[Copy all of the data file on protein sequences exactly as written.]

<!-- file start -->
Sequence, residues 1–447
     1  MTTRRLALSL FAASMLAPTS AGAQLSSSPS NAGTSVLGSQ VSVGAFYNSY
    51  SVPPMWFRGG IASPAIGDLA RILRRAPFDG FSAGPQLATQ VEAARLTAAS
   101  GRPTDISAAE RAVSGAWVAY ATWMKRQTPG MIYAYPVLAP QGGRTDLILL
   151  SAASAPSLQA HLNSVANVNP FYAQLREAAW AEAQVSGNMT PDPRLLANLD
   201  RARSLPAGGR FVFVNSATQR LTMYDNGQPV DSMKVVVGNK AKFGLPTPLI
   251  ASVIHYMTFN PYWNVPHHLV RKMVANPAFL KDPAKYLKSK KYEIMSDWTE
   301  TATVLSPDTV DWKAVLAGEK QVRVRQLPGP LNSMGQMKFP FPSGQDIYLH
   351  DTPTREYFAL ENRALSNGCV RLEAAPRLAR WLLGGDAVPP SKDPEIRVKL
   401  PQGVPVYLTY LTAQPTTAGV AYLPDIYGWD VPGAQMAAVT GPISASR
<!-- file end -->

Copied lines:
Sequence, residues 1–447
     1  MTTRRLALSL FAASMLAPTS AGAQLSSSPS NAGTSVLGSQ VSVGAFYNSY
    51  SVPPMWFRGG IASPAIGDLA RILRRAPFDG FSAGPQLATQ VEAARLTAAS
   101  GRPTDISAAE RAVSGAWVAY ATWMKRQTPG MIYAYPVLAP QGGRTDLILL
   151  SAASAPSLQA HLNSVANVNP FYAQLREAAW AEAQVSGNMT PDPRLLANLD
   201  RARSLPAGGR FVFVNSATQR LTMYDNGQPV DSMKVVVGNK AKFGLPTPLI
   251  ASVIHYMTFN PYWNVPHHLV RKMVANPAFL KDPAKYLKSK KYEIMSDWTE
   301  TATVLSPDTV DWKAVLAGEK QVRVRQLPGP LNSMGQMKFP FPSGQDIYLH
   351  DTPTREYFAL ENRALSNGCV RLEAAPRLAR WLLGGDAVPP SKDPEIRVKL
   401  PQGVPVYLTY LTAQPTTAGV AYLPDIYGWD VPGAQMAAVT GPISASR